What’s wrong with the findings of this study, Jimbob?

According to the 1998 National Household Survey on Drug Abuse, teenage drug users are five times far more likely to attack someone than those who don’t use drugs. About 20 percent of the 12-17 year olds reporting use of an illegal drug in the past year attacked someone with the intent to seriously hurt them, compared to 4.3 percent of the non-drug users.

What’s wrong with the findings of this study, Jimbob?

“On the UK governments Home Office website it states that 'around three-quarters of crack and heroin users claim they commit crime to feed their habit. It is our priority to break this damaging chain'.”

How does this statistic, which I’ll fully accept, contradict the basic observation that drug use contributes to criminality, by lowering people’s inhibitions, Jimbob? Guess what? It doesn't.

“Your view that government can/should ban things to save us from ourselves is nonsensical! We live in a world of risk - deal with it. You may as well ban driving arguing 'think of the number of children’s lives we will save from road traffic accidents'.”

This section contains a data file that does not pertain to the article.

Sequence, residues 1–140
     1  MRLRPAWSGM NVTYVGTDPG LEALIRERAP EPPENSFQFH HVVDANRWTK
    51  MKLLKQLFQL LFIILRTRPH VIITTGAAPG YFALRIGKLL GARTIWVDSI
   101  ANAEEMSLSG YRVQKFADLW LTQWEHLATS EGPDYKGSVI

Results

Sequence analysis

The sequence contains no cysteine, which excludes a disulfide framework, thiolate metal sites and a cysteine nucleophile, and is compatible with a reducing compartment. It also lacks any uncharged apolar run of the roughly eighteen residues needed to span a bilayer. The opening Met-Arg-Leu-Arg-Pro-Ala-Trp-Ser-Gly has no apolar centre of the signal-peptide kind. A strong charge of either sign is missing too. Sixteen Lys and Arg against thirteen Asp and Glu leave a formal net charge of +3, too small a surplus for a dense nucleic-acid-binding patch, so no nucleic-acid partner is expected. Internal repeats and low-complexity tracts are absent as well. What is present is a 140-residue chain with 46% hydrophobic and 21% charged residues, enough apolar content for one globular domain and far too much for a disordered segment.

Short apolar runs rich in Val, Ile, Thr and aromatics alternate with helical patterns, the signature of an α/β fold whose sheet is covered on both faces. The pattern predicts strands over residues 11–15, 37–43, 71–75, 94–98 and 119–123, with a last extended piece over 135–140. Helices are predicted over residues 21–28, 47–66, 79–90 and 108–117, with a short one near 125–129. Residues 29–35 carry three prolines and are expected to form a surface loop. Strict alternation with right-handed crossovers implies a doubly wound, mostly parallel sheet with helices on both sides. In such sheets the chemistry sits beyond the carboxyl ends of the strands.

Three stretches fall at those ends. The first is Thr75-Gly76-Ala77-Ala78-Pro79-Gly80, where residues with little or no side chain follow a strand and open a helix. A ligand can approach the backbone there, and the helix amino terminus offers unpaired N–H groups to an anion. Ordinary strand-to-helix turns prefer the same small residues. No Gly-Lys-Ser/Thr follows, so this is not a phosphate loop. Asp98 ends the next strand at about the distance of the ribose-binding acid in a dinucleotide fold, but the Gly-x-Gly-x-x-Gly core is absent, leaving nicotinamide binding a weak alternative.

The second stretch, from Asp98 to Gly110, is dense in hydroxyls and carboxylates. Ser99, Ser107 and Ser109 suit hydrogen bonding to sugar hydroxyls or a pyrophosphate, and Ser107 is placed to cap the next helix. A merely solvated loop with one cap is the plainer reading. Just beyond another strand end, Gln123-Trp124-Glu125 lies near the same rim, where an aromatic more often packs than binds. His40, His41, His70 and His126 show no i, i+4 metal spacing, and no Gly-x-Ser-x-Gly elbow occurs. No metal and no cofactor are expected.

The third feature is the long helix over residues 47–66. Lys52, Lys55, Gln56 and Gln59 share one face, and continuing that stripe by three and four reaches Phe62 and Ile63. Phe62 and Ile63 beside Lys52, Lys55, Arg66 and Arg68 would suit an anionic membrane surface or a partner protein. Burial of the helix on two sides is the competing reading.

It depends on how dangerous “things” are, Jimbob. Drugs are far more addictive than alcohol. According to Dr. Mitchell Rosenthal, director of Phoenix House, only 10 percent of drinkers become alcoholics, while up to 75 percent of regular illicit drug users become addicted. Proportionally, a lot more people drive and die of natural causes than those who drive and end up dying in an automobile accident.

Why won’t you accept Dr. Rosenthal’s findings, Jimbob??